Bottas won the 6th race of his Formula 1 career after out-qualifying Hamilton and snatching the race lead from Vettel at the start. However, after the first round of pit-stops, it wasn’t certain whether Bottas would win the race or Mercedes would use an alternate strategy (one-stopper) for Hamilton giving their star driver a shot at victory. Initially, Mercedes did confirm to both drivers that Hamilton would be one-stopping. Ferrari were the first to blink — they pitted Vettel in an attempt to undercut Bottas. Mercedes covered Vettel’s stop by pitting Bottas. Post-race, the team acknowledged that track position was key — especially given Ferrari’s straight line speed advantage. In fact, Hamilton’s unsuccessful late-race charge for P2 against Vettel would’ve further solidified Mercedes’ decision to pit Bottas when they did.
Excerpts from Mercedes’ Toto Wolff’s post-race explanation regarding the team’s race strategy: “Once you’re in the lead you need to protect your position. If you’re third you can take more risks and more chances. What we did is that we protected the lead with Valtteri and we took the pace out of his race once Sebastian pitted for his second stop.”
Hamilton ‘could’ have won
Bottas-Vettel’s stops saw Hamilton take the lead and pace himself at the front. Mercedes-Hamilton exchanged several radio messages during the race — with Hamilton urging the team to consider leaving him on alternate strategy to help him with the race. He also questioned the team’s decision to not give him the hardest tyre for his final stint. However, Mercedes made the correct call — by pitting Hamilton twice and securing their 6th World Championship title with a 1-3 finish, instead of attempting a risky strategy to finish 1-2. The team’s decision was influenced by the change in track conditions after the typhoon had passed, one that saw tyres drop off the cliff at the end of their life.
Also, Mercedes’ decision to not piss off Bottas, who would’ve lost the race for no fault of his own, was smart. First, it wouldn’t have been an ideal emotion for the team to have while celebrating their historic achievement. Second, Bottas’ cooperation might come in handy next year if Ferrari get their act together. However, Hamilton left Suzuka believing that the race win was his to take on any other day. He summarised the possibility of winning the race on a one-stopper, “With better guidance I think I probably could have.”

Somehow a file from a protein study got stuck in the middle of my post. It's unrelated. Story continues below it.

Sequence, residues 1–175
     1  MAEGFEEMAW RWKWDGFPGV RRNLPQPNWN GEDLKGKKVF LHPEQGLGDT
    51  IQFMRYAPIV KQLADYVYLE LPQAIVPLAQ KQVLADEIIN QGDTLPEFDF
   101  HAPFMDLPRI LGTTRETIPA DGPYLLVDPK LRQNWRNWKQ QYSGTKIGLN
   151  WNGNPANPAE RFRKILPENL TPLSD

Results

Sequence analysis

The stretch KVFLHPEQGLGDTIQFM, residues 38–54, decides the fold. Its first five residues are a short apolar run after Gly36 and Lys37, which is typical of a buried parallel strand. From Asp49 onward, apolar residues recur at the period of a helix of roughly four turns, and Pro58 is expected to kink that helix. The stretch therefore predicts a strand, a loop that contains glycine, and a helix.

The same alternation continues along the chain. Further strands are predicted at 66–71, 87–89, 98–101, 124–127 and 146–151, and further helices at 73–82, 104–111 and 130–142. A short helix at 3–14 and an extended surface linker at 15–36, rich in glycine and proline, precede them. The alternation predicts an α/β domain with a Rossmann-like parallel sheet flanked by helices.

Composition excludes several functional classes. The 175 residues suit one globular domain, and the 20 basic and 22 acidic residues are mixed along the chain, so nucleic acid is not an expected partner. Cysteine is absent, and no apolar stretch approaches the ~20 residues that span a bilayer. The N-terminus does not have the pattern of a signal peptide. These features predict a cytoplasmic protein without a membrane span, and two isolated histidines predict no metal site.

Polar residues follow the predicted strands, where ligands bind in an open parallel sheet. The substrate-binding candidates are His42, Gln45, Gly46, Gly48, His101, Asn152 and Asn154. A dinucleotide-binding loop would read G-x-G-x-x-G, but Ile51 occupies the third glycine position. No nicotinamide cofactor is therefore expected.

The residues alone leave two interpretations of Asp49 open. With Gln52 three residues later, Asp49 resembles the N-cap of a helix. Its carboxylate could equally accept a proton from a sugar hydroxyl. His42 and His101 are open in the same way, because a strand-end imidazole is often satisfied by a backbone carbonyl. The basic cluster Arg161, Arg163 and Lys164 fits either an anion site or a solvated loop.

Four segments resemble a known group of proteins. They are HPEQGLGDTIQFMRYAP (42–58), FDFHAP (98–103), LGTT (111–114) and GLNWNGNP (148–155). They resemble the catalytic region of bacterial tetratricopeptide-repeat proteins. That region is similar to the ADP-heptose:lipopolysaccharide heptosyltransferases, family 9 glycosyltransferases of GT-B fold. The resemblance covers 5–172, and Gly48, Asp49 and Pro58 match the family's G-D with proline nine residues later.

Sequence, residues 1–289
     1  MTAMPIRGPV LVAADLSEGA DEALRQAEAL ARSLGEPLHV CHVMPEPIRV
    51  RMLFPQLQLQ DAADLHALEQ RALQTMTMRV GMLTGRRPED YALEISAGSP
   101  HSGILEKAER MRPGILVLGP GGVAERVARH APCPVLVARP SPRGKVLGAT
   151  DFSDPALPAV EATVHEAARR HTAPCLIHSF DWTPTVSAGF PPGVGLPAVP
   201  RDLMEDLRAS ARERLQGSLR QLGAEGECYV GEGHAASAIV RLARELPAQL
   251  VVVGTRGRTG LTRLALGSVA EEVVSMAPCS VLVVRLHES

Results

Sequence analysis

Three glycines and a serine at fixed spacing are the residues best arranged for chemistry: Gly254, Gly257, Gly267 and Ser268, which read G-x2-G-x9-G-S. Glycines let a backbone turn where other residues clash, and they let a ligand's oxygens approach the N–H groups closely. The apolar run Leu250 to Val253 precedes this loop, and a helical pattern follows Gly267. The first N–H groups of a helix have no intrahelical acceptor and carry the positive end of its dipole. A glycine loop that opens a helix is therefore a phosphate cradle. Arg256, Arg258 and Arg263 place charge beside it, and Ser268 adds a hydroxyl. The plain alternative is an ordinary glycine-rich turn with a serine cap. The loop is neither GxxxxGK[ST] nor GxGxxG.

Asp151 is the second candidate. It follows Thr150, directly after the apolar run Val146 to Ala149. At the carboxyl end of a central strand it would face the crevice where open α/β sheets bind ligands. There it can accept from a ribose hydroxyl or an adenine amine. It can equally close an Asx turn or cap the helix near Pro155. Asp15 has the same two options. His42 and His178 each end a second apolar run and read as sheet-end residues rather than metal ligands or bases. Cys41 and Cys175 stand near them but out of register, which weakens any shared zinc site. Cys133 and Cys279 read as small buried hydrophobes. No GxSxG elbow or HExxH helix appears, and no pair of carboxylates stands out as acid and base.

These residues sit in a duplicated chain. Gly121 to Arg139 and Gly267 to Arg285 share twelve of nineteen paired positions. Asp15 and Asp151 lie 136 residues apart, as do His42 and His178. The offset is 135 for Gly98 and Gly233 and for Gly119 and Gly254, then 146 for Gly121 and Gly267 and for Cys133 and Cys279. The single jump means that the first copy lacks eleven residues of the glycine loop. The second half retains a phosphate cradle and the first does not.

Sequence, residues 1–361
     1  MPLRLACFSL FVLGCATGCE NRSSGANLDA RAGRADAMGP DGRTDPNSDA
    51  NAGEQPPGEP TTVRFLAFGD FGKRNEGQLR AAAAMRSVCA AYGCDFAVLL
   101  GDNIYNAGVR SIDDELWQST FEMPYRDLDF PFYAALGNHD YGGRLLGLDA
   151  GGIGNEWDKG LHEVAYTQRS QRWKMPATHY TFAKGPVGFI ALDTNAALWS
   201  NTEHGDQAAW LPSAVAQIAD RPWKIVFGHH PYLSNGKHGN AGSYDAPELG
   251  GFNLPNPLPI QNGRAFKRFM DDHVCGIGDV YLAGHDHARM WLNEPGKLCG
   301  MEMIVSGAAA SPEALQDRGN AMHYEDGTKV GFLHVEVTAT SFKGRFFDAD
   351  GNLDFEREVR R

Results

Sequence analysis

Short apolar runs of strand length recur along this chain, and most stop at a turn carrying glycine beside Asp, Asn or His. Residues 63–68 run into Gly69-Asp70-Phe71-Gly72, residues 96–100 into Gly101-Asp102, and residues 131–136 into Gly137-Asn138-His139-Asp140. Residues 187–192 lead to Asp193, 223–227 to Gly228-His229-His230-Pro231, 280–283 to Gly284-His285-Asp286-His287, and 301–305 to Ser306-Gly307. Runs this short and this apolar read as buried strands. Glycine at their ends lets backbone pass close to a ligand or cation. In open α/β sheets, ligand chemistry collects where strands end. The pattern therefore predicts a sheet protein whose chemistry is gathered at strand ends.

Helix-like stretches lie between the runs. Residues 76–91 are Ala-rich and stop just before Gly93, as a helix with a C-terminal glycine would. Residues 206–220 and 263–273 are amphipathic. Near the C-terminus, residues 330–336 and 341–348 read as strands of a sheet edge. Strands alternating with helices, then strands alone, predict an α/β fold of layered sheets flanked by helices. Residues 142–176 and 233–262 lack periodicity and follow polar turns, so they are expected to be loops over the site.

Honda’s home race
At Honda’s home race, the Japanese fans had to be content with a fourth and eight place finish, courtesy Alexander Albon and Pierre Gasly respectively. Verstappen’s retirement from the race meant that all hopes were on Albon and the Toro Rosso drivers to deliver a cheer-worthy result. Albon lost positions to both McLaren drivers at the start (thanks to the Leclerc-Verstappen incident), only to get one back from Lando Norris after a questionable move. It was Carlos Sainz Jr who Albon-Red Bull had to fend off during the round of pit-stops — not the team-driver competition they would’ve hoped to fight for positions with. Historically, Red Bull Racing have been stronger in the second-half of the season. However for 2019, the story has been the opposite leading to the Verstappen camp expressing concern about the 2020 Formula 1 season as well.
After taking the challenge to Mercedes in the first-half of the season, Verstappen has struggled in the five races contested after the summer break. In Spa, Monza and Suzuka, the Red Bull Racing driver has suffered from first-lap incidents with Spa and Monza being his own errors. In Singapore and Russia, he’s scored a 3rd and 4th place finish. However, the Red Bull-Honda package is lacking overall pace in comparison to Ferrari and Mercedes.
McLaren on form, again
McLaren’s resurgence has been the talk of the season. At Suzuka, Sainz Jr scored a 5th place finish — his 3rd of the season and took 6th place in the Drivers’ Championship ahead of Pierre Gasly and Alexander Albon. Sainz and Albon are separated by 12 points and this battle will be the one to look out for after the Mercedes drivers settle their scores in the upcoming races. Lando Norris’ race went south after being hit by Albon, else the rookie would’ve scored a good chunk of points too. McLaren’s decision to switch to Mercedes power from 2021 does make one wonder if the former World Champion team will take the fight to the top teams then.
Protest against Renault
The latter part of the 2019 Japanese Grand Prix came alive after Renault’s Daniel Ricciardo went from 11th to 6th place by pulling off a series of overtakes, a bit of help from his teammate Nico Hulkenberg (who finished 10th) and a 15 seconds post-race time penalty for Leclerc. However, a post-race protest from Racing Point F1 Team on Renault’s ‘pre-set lap distance-dependent brake bias adjustment system’ (or automatic brake bias, in simpler words, which isn’t permitted) saw the FIA impound Renault’s ECU (electronic control unit) and steering wheel systems from both cars. Until the inquiry is completed, the FIA declared that the results from the 2019 Japanese Grand Prix would stand. The result of this inquiry should impact the Constructors’ Championship standings of both teams as the season comes to the close. Before Japan, the gap between Renault (5th) and Racing Point (7th) was about 20 points.
Up next is the 2019 Mexican Grand Prix, a race won by Verstappen for the last two years. Moreover, this has also been the venue of Hamilton’s Drivers’ Championship titles in the last two years. The championship gap between the two Mercedes drivers currently stands at 64 points. For Hamilton to seal the deal in Mexico, he will need to be 78 points clear of Bottas. Will Mexico be 3rd time lucky for Hamilton in 2019?
This post was first published on Firstpost